Extremist Political Signs at Airbnb in Bozeman

I booked a stay in Bozeman, Montana with what turned out to be an unusual host named Stacey. When I showed up at the place, I noticed there were extremist political signs all over the front yard and in the windows. Venturing inside, I found much more. I texted her that her place was just too weird for me. She would not provide a refund. She seemed a little strange, so I expected that. What I didn’t expect was the runaround and no support from Airbnb. I did not feel safe at this host’s house, I spent no more than five minutes there, and Airbnb would not refund anything. To add insult to injury, they wasted a huge amount of my time on numerous emails back and forth for nothing. They would not even allow me to post a bad review on this crazy host’s listing to warn others about her. Airbnb Hell, please take my $5 donation to fight Airbnb.

Airbnb’s Policy with Children Leaves Much to be Desired

Upon arriving to a home which was promised to be cleaned and ready for use, we found many items that could have potentially hospitalized or kids or worse. Prescription drugs (EpiPen in paper box) were left on an open shelf on a nightstand and picked up by my three year old. Used razors in the shower were also easily accessible by a toddler, along with melted bars of soap to add to the grotesqueness. Open containers of alcohol were in the refrigerator on the bottom shelf. Used tissues were stuffed into a seemingly new box, discovered by my 13 year old who needed a tissue and discovered a box full of dirty used tissue trash. Expired food (some from October) was in the fridge we were supposed to be able to use. The oven was greasy with stains that looked like they hadn’t been cleaned in years. Snow and fog prevented us from leaving the same night since we arrived late and discovered these issues late. Upon requesting resolution from Airbnb, they said the host had a strict cancellation policy and everyone has different opinions of what is considered safe/dangerous and clean. So they were suggesting we pay for something that we didn’t use and could have killed my kids. Airbnb needs to know their contracts should include verbiage that covers basic child safety requirements when hosts offer homes to families with children. Their staff should be instructed how to read and understand their own cancelation policy, which states if a home is unclean and unsafe that is concerned a legitimate reason for initiating a refund. How that is pushed as a matter of opinion or open for interpretation I don’t understand.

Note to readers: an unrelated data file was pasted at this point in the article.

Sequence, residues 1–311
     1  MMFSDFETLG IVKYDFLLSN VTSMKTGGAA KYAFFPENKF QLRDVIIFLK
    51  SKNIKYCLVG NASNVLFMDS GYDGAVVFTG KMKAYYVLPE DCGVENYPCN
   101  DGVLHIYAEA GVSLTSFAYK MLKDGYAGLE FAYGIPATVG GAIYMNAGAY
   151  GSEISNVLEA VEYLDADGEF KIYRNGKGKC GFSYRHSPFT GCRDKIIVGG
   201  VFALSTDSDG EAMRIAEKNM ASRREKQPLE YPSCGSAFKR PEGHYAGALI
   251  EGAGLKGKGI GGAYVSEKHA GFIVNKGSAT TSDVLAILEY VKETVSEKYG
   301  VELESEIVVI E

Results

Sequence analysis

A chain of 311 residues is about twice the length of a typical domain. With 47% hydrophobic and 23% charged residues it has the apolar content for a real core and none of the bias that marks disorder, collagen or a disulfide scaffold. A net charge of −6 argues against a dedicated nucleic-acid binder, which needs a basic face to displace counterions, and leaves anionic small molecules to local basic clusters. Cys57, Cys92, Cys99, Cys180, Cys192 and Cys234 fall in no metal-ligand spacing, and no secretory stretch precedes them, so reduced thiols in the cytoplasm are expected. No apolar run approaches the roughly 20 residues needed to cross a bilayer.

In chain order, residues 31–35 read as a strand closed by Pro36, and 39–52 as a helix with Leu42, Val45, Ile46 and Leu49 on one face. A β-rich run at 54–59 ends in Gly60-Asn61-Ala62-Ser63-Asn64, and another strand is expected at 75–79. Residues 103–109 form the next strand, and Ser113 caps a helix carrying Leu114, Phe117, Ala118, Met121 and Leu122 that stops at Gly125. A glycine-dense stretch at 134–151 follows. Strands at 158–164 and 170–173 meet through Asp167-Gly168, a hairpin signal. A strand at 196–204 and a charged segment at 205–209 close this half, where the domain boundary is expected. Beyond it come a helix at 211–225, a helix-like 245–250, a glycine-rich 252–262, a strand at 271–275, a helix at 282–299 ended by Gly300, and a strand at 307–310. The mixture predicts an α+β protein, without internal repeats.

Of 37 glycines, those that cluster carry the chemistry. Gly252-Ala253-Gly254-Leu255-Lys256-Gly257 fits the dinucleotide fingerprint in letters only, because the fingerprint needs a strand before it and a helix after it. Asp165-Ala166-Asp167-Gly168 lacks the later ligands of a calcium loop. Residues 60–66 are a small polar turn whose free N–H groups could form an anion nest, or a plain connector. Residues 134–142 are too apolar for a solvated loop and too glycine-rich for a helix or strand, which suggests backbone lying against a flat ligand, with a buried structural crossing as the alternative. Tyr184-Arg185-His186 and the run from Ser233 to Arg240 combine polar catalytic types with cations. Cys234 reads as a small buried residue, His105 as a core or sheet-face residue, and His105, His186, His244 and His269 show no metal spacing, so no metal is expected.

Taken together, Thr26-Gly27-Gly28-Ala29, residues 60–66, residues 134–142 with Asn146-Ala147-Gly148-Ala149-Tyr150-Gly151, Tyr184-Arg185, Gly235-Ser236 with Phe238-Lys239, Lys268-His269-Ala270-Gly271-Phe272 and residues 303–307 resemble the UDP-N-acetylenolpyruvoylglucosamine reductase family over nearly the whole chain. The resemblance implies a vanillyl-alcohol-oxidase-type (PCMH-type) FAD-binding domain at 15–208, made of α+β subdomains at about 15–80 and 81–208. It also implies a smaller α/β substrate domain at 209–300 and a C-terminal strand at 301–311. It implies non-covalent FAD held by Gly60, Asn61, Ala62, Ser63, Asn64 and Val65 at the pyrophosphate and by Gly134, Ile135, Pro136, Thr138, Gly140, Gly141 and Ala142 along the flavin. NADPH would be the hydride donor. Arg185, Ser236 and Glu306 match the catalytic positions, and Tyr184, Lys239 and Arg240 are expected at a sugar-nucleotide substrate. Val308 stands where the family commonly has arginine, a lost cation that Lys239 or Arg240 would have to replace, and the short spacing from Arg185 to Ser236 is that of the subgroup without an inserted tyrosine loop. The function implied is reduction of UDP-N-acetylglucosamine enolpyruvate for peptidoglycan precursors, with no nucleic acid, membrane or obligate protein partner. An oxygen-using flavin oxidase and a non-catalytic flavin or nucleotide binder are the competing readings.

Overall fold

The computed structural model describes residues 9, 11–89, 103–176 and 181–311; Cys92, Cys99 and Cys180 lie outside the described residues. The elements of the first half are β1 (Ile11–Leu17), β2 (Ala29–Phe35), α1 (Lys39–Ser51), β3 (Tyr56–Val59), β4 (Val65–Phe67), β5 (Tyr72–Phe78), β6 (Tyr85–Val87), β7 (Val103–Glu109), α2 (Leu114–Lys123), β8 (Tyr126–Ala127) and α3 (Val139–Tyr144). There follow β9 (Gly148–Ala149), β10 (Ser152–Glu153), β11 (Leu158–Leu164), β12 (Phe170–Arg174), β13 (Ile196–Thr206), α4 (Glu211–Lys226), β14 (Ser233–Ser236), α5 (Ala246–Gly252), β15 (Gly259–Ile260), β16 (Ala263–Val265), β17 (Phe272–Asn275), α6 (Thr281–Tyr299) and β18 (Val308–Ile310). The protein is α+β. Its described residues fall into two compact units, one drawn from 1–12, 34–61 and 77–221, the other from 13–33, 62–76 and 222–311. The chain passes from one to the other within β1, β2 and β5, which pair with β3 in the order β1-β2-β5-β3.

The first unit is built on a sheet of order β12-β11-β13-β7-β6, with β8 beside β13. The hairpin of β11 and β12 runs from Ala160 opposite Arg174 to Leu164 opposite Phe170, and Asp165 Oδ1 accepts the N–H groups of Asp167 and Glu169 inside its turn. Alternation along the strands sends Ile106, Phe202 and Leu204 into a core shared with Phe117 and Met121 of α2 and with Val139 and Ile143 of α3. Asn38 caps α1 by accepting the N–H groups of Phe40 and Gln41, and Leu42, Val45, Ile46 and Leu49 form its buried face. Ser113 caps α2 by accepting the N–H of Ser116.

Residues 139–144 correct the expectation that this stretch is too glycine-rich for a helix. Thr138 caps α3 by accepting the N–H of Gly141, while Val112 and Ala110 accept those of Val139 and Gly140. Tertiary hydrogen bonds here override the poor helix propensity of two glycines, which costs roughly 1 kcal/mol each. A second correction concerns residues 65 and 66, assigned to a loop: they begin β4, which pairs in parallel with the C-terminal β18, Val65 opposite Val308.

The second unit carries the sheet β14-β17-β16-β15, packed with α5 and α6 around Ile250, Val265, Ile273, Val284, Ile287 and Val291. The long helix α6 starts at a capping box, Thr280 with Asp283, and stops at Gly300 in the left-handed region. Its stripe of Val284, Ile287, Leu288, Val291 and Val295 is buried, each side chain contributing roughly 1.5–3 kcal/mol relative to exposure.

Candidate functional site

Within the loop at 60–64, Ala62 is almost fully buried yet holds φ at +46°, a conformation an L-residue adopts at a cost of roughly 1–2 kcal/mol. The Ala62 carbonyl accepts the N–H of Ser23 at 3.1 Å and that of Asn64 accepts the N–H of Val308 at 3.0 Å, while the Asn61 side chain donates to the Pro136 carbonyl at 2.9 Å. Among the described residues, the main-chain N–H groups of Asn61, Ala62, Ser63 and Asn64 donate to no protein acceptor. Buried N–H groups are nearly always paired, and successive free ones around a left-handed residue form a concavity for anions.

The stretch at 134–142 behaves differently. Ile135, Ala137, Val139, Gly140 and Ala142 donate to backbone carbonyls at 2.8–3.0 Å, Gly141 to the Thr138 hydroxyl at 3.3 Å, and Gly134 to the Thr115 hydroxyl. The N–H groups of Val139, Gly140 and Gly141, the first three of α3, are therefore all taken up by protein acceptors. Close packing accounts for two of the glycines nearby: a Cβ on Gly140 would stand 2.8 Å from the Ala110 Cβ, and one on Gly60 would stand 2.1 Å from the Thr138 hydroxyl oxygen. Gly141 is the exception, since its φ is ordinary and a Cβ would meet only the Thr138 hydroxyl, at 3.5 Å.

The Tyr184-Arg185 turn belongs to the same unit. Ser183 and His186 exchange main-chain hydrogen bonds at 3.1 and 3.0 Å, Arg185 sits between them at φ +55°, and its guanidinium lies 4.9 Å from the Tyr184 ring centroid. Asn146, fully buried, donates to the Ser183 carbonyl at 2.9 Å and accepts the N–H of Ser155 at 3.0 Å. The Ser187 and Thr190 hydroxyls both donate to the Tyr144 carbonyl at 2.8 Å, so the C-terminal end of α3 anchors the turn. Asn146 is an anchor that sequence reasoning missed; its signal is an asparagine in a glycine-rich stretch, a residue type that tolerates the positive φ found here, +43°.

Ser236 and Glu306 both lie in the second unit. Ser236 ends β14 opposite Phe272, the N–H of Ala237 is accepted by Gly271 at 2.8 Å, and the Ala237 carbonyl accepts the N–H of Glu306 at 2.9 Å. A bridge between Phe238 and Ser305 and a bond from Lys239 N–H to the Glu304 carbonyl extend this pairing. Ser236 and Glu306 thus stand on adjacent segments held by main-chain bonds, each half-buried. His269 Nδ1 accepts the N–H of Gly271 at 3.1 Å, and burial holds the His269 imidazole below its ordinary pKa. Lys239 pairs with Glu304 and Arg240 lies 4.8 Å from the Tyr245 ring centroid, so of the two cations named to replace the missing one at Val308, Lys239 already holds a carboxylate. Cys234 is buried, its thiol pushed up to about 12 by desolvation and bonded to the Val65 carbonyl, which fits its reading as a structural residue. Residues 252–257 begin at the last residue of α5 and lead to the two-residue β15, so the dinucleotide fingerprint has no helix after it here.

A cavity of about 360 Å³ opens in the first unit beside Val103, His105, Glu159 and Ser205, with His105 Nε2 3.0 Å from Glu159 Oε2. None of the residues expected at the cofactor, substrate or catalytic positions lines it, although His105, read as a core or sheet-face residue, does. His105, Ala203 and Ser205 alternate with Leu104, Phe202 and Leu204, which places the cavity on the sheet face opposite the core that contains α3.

Learn From Our Mistake: Airbnb Illegal in Singapore

Earlier this year my family booked two nights at a condominium in Singapore. Everything looked good, and the host responded well. There were no problems with the booking. Upon arrival, a different host greeted us, and we noted in the lift large signs stating “Airbnb illegal in these apartments. We have CCTV.” The apartment was certainly not ready for us, and the host claimed a problem in a change of ownership which we needed to discuss with Airbnb. To cut a long story short, it appeared that police had in fact visited this block recently, and the original owner cut his ties. We told the new host we did not want to be part of an illegal practice and would leave early next morning, which we did, involving time wasted and additional expense during our short break. I have since raised this with Airbnb and gotten absolutely nowhere. It appears that sublets of less than six months are indeed illegal in Singapore and most people certainly knew this. Suffice to say, our condominium and many others continue to be advertised on their website.

Threatened by Host, Airbnb “Trust and Safety” Can’t Help

Your, your family’s, and your friends’ safety is at risk with Airbnb. They do not care about you and will not help you when a real threat occurs with a host. Our host did not show up at the apartment we rented and we had to pay for a taxi to her brother’s home to get the key. She expected us to ride a dilapidated old scooter with suitcases to the actual apartment; we paid for a taxi instead. The apartment was not the building on the listing: the room, size, layout, amenities, and everything else was different. Total scam. Initially Airbnb helped us get a full refund. However, the host threatened to call the police and somehow learnt where Airbnb relocated us. This is terrible customer safety. Our case was elevated to Trust and Safety but they never replied. Never. Not after being threatened, and not after nine phone calls, twelve emails and five weeks since the event. Not one single contact. This is the Trust and Safety team. This was a urgent priority matter and it is only by pure luck and our own initiative we were able to rescue our holiday. I have used Airbnb before, but never again.